The attachment 3 and heat sink 1 can be non-destructively removable from the card or board 6, with the heat sink 1 also being non-destructively removable from the attachment 3. However, in most cases the attachment 3 will not be non-destructively removable from the chip 8, unless special precautions are employed such as providing gold, copper or silver plating on the chip with direct soldering to the attachment or use of a removable adhesive.
Reference to FIG. 1 demonstrates a preferred embodiment of an attachment pursuant to the present invention. Attachment 3 includes a body portion 11 constructed of a thermally conductive material. The body portion 11 is also preferably a relatively springy material. Preferred springy materials exhibit Rockwell Hardness of at least approximately B90 and tensile strength of at least approximately 90,000 psi. Suitable materials include steel, copper, and copper alloys such as brass and phosphorous bronze. The surface area of the body portion 11 is larger than the size of the chip to which it is to be subsequently contacted and is typically slightly less than (e.g. at least about 80%) the surface area of the TAB to which the chip is attached. For a square TAB having sides of about 0.7 inch, a typical size body portion is about 0.55 inch to about 0.7 inch, more typically about 0.65 inch. The body portion is typically about 0.01 inch to about 0.02 inch in thickness and more typically about 0.015 inch in thickness. Thicknesses less than about 0.01 inch can result in undesirable bowing of the attachment; whereas, thicknesses greater than about 0.02 inch can result in undesirable rigidity or lack of compliancy of the attachment for attachments of the body sizes disclosed above. Employing a body portion having a surface area at least about 80% of the TAB facilitates reworking of a chip, if needed, by facilitating the flow of, for example, hot air down onto solder joints to aid in removal of the chip from the TAB.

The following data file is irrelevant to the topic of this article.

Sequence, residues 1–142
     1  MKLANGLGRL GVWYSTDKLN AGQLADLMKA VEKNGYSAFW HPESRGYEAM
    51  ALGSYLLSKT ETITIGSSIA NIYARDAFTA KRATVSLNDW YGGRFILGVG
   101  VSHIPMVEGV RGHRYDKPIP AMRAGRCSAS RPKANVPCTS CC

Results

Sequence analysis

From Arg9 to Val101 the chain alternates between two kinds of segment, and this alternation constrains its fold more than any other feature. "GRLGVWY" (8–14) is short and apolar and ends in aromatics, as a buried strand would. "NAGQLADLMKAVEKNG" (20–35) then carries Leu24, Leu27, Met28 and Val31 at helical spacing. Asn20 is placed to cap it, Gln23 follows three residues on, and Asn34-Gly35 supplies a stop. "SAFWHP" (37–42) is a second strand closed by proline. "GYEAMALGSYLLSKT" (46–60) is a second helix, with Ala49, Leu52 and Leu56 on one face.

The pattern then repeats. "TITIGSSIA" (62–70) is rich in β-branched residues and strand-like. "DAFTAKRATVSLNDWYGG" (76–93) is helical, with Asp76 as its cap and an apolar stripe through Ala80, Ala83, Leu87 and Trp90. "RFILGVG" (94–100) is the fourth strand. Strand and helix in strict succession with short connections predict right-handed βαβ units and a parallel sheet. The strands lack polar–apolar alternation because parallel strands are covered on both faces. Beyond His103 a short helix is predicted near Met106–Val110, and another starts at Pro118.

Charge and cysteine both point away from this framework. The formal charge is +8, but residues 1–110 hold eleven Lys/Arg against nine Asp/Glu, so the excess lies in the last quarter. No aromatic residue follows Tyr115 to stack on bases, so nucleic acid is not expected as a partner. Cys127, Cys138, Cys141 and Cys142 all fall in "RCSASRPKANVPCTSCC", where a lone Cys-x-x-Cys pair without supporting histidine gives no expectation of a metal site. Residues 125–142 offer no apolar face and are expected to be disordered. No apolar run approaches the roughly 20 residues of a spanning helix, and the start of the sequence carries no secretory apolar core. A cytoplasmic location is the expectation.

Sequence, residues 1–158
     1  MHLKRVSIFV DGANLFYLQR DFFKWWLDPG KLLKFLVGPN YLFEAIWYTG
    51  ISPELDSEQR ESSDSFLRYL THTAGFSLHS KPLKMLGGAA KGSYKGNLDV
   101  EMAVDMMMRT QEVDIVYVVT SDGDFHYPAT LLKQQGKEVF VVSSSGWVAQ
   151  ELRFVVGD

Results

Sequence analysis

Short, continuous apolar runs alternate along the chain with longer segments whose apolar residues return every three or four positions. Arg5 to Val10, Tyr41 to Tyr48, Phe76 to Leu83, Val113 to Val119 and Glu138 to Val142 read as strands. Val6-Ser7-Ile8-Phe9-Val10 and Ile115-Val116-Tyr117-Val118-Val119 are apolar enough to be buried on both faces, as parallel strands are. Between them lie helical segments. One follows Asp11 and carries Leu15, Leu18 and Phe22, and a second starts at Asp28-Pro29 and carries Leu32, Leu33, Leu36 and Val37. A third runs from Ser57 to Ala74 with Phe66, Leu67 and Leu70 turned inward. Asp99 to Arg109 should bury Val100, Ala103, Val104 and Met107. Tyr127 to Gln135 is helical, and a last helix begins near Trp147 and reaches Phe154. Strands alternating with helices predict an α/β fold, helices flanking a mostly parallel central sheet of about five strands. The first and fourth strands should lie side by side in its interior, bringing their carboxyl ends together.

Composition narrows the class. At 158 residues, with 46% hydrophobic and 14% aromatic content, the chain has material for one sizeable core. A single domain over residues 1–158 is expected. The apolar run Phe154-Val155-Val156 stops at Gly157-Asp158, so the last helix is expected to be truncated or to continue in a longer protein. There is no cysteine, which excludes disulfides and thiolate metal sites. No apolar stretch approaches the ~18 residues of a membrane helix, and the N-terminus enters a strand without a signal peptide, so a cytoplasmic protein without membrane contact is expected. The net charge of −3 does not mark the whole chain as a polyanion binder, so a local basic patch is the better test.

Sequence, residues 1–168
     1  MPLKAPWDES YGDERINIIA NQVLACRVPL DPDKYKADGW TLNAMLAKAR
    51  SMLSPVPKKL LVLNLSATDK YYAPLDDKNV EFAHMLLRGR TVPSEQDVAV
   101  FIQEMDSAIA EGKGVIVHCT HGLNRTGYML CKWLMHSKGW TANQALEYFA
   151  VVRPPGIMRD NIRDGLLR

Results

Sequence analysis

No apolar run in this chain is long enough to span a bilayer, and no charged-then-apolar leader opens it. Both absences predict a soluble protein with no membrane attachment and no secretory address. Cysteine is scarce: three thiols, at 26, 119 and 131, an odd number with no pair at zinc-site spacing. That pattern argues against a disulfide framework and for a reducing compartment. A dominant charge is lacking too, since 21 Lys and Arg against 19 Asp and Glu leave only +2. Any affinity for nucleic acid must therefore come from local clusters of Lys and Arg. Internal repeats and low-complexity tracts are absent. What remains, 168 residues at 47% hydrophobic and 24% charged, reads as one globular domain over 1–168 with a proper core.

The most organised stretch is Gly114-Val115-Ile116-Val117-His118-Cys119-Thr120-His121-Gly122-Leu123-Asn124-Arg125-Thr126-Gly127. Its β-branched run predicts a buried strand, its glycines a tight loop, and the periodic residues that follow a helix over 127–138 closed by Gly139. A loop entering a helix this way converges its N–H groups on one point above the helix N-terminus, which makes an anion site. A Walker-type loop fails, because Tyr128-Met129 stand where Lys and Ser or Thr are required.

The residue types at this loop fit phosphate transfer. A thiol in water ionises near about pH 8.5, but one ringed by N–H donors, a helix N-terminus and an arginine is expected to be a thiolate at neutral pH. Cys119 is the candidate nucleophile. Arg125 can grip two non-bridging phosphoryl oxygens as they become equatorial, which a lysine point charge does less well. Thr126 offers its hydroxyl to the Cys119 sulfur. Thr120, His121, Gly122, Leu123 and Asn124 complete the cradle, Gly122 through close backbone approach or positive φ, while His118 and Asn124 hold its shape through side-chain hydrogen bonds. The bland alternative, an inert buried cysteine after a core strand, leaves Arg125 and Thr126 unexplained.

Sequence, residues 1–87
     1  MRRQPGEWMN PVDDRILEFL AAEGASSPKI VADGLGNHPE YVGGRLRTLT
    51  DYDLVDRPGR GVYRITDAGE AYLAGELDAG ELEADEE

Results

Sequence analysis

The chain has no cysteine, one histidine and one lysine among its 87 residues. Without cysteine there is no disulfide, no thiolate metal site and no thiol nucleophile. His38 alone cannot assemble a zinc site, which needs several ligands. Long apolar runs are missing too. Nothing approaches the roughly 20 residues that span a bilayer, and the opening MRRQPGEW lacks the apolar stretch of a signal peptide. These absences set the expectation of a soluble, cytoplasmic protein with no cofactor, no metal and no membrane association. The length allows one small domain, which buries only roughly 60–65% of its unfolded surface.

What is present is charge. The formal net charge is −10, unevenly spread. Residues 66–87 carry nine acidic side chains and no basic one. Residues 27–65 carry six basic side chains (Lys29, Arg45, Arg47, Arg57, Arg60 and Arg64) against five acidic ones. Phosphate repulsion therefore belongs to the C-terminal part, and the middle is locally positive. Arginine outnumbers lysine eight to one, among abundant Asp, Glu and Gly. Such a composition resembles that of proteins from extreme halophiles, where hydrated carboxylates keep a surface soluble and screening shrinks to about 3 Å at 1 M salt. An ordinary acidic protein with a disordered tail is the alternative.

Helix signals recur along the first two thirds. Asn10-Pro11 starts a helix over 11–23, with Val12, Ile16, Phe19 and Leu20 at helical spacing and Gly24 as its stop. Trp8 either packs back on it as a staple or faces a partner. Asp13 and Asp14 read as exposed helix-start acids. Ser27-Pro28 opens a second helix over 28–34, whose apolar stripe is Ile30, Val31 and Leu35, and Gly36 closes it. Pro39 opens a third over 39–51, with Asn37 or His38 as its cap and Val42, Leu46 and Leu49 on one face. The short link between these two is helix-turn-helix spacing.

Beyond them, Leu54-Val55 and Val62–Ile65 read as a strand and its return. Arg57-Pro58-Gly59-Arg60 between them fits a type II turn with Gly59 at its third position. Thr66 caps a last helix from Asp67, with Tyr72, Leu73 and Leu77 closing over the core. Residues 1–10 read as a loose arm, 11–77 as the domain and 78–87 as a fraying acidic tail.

A plurality of flange members 12 (at least two) and preferably four or more extend out from the body portion and are directed towards the circuit card or board 6 to which the attachment is to be contacted. At the distal end or that end farthest from the body portion 11 is present a pad-like member on each of the flange means. Pad-like members 13 are for contact with the integrated circuit card or board 6. Preferably, flange members 12 and pad-like members 13 are constructed of the same material as body portion 11, and in any event are thermally conductive and preferably springy. Each flange member 12 is preferably tapered towards the pad-like member 13 to provide for the added flexibility for bending to properly angle the pad-like member to be parallel with the card or board without placing excessive force at the base portion. The taper is preferably a linear taper resulting in about a 50% to about 60% reduction in the width of the flange member. A typical flange member being about 0.12 inches wide at the intersection with the base and being tapered down to about 0.067 inch at the intersection with the pad-like member. Also, in a typical arrangement each flange member is about 0.11 inch to about 0.17 inch long and more typically about 0.13 inch long, and creating a distance of about 0.04 inch to about 0.06 inch and more typically about 0.5 inch from the card or board to the bottom of body portion 11. The flange members are preferably about 0.01 inch to about 0.02 inch thick, and preferably are formed integral with the body portion such as being cut, stamped and formed for one piece of the sheet metal.